The MZ-HCI Group, the world’s largest independent investor relations firm, notes that the average consumer no longer exists and that customers increasingly see themselves as unique individuals. Marketing to these individuals often involves a knowledge of unspoken cultural and social patterns. This is particularly true in China. Foreign companies that have been successful in China have accurately gauged the needs of Chinese buyers and have culturally and geographically customized their goods to the country’s various microsegments. They’ve understood how to adapt their products to satisfy individual needs.
Attracting the Consumer
Price point is not the motivating factor in a Chinese consumer’s purchase of a product. Accenture’s research showed that a brand’s perceived contribution to the community, such as the creation of local jobs or support of important local issues, as well as perceived harmony with the buyer’s personal values, can be more influential than pricing. A brand’s national origin is also influential with Chinese consumers. German and French brands, for example, may have low consumer awareness, but the country of origin gives the goods a high level of consideration with consumers because the country of origin has a reputation for engineering precision and luxury goods, respectively. Japanese brands, on the other hand, have a high level of awareness, but are sometimes low on consumer preferences because of China’s historical conflicts with Japan and its current dispute over the Diaoyu/Senkaku islands in the East China Sea.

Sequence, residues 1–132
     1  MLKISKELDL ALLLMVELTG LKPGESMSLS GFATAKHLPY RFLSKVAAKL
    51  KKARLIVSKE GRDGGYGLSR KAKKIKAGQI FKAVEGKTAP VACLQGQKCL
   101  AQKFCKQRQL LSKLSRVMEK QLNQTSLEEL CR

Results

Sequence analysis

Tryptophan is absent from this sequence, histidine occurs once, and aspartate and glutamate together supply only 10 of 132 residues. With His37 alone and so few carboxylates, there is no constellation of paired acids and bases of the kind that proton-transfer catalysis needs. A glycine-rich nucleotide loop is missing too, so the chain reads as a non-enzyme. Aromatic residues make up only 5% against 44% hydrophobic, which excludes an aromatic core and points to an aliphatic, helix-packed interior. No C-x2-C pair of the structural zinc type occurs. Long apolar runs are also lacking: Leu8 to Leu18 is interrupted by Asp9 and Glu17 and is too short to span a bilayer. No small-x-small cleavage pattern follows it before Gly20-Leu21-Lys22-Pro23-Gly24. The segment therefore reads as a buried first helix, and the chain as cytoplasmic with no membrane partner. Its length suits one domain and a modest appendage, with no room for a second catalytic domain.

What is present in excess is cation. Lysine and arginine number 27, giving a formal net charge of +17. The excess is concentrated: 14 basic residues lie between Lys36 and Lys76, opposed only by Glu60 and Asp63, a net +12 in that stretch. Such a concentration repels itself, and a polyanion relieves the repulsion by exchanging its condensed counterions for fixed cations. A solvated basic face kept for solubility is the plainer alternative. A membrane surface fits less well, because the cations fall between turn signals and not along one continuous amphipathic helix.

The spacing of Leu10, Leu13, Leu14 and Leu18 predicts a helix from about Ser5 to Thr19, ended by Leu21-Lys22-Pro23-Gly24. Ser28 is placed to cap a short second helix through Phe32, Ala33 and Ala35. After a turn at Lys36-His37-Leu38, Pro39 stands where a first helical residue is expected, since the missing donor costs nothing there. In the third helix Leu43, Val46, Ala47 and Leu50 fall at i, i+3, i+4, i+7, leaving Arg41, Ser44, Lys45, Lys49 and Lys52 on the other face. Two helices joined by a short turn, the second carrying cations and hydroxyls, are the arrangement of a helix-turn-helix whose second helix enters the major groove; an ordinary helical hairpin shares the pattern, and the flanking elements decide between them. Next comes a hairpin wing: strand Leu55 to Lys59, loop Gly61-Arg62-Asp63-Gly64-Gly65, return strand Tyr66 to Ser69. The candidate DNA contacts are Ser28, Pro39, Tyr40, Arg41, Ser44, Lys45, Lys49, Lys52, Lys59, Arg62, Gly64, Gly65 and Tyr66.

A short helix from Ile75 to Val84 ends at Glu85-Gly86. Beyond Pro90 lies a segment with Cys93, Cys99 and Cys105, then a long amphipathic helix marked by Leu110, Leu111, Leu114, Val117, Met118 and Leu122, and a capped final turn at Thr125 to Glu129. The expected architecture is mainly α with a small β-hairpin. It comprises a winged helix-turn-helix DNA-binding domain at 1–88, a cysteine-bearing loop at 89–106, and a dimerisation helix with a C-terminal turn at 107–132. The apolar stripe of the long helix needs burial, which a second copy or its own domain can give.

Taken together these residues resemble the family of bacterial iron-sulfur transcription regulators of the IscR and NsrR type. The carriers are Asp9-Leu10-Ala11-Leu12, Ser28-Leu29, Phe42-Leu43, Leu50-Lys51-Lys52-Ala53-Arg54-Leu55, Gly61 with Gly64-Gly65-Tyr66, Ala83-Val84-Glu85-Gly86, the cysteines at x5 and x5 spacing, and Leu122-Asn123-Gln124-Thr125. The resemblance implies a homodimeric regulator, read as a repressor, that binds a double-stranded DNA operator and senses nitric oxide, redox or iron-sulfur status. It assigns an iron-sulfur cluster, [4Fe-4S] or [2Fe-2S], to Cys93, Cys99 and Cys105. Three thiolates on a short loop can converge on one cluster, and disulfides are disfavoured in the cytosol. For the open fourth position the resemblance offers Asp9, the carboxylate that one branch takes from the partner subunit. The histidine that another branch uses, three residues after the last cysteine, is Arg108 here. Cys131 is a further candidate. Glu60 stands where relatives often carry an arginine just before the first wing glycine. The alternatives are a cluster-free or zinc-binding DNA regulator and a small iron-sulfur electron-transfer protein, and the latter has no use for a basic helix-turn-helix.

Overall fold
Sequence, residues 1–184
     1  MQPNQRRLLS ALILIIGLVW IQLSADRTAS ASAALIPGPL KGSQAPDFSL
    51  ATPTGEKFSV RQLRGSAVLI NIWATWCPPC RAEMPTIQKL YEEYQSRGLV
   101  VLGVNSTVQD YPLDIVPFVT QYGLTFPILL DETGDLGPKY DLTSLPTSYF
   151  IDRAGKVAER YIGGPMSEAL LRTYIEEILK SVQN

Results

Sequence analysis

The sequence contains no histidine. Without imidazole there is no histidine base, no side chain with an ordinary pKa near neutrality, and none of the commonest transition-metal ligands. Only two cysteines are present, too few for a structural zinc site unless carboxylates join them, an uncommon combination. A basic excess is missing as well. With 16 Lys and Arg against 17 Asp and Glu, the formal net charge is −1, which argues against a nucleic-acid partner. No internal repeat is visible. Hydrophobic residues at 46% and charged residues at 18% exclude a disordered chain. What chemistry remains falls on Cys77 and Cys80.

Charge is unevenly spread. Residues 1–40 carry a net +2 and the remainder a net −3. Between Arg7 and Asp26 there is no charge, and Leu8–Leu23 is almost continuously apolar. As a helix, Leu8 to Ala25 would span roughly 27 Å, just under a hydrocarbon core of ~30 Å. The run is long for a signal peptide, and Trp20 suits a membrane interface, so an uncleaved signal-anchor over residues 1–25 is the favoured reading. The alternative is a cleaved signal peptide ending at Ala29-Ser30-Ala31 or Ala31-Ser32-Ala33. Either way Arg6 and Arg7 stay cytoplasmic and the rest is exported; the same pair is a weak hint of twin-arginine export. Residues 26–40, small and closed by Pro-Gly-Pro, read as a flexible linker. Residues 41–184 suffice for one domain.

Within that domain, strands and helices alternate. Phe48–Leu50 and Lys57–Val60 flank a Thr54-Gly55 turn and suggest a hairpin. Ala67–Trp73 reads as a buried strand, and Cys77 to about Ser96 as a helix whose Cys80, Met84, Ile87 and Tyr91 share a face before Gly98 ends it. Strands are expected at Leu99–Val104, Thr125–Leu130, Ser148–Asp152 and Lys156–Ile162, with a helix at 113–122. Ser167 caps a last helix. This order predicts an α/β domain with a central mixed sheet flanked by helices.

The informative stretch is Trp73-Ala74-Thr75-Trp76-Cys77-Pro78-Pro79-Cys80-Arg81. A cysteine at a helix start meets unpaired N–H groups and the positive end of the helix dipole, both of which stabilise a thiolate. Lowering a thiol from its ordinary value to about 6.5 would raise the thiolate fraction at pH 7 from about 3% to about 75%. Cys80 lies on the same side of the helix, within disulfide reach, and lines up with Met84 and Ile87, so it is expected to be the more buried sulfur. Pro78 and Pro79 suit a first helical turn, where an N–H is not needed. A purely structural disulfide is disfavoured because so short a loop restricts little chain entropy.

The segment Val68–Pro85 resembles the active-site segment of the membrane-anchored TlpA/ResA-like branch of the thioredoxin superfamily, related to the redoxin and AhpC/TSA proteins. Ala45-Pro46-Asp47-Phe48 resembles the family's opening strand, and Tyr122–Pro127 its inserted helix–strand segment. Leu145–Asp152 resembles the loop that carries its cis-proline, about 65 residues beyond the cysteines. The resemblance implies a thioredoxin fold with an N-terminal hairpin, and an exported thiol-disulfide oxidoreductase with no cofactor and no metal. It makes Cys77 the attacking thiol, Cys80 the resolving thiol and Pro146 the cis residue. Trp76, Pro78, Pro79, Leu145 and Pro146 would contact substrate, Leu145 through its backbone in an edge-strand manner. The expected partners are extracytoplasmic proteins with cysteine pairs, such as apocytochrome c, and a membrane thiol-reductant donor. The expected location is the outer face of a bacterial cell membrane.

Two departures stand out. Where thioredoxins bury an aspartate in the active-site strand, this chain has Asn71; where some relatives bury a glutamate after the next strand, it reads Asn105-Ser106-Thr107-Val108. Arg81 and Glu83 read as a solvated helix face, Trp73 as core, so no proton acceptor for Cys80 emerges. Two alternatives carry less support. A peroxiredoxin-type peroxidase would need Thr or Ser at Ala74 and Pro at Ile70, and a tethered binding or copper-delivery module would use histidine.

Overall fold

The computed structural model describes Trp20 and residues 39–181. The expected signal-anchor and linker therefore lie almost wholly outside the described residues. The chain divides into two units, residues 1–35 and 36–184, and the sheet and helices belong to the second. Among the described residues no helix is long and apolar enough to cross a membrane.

Methods for attracting the Chinese consumer differ from those in other countries. For example, word of mouth carries exceptional weight with Chinese consumers, more so than in most countries. Many companies institute brand loyalty clubs to help perpetuate word-of-mouth promotion of their products. Product reviews, particularly when coupled with endorsements, are unusually powerful in attracting consumers and promoting brand recognition.
Direct mail and cold-calling may work well in some countries, but they don’t work well in China. They are viewed as intrusive. However, multimedia kiosks and video boards, which may be viewed as intrusive in the United States and Europe, have a significant impact on the Chinese consumer.
Most companies expect China’s current love affair and demand for foreign products to continue through at least 2020. Chinese consumers, with an affinity for foreign goods, both in luxury brands and inexpensive products, have made China the biggest market for many foreign companies. This demand is increasingly driven by foreign manufacturers adapting their products to Chinese tastes in the various microsegments that comprise the Chinese marketplace.
In my newsletter I’ll explain logistical challenges, e-commerce, and more for those who want to sell their goods to the Chinese consumer. References for the data and information contained within the above material can be found in Conducting Business in the Land of the Dragon by Alan Refkin and Scott Cray.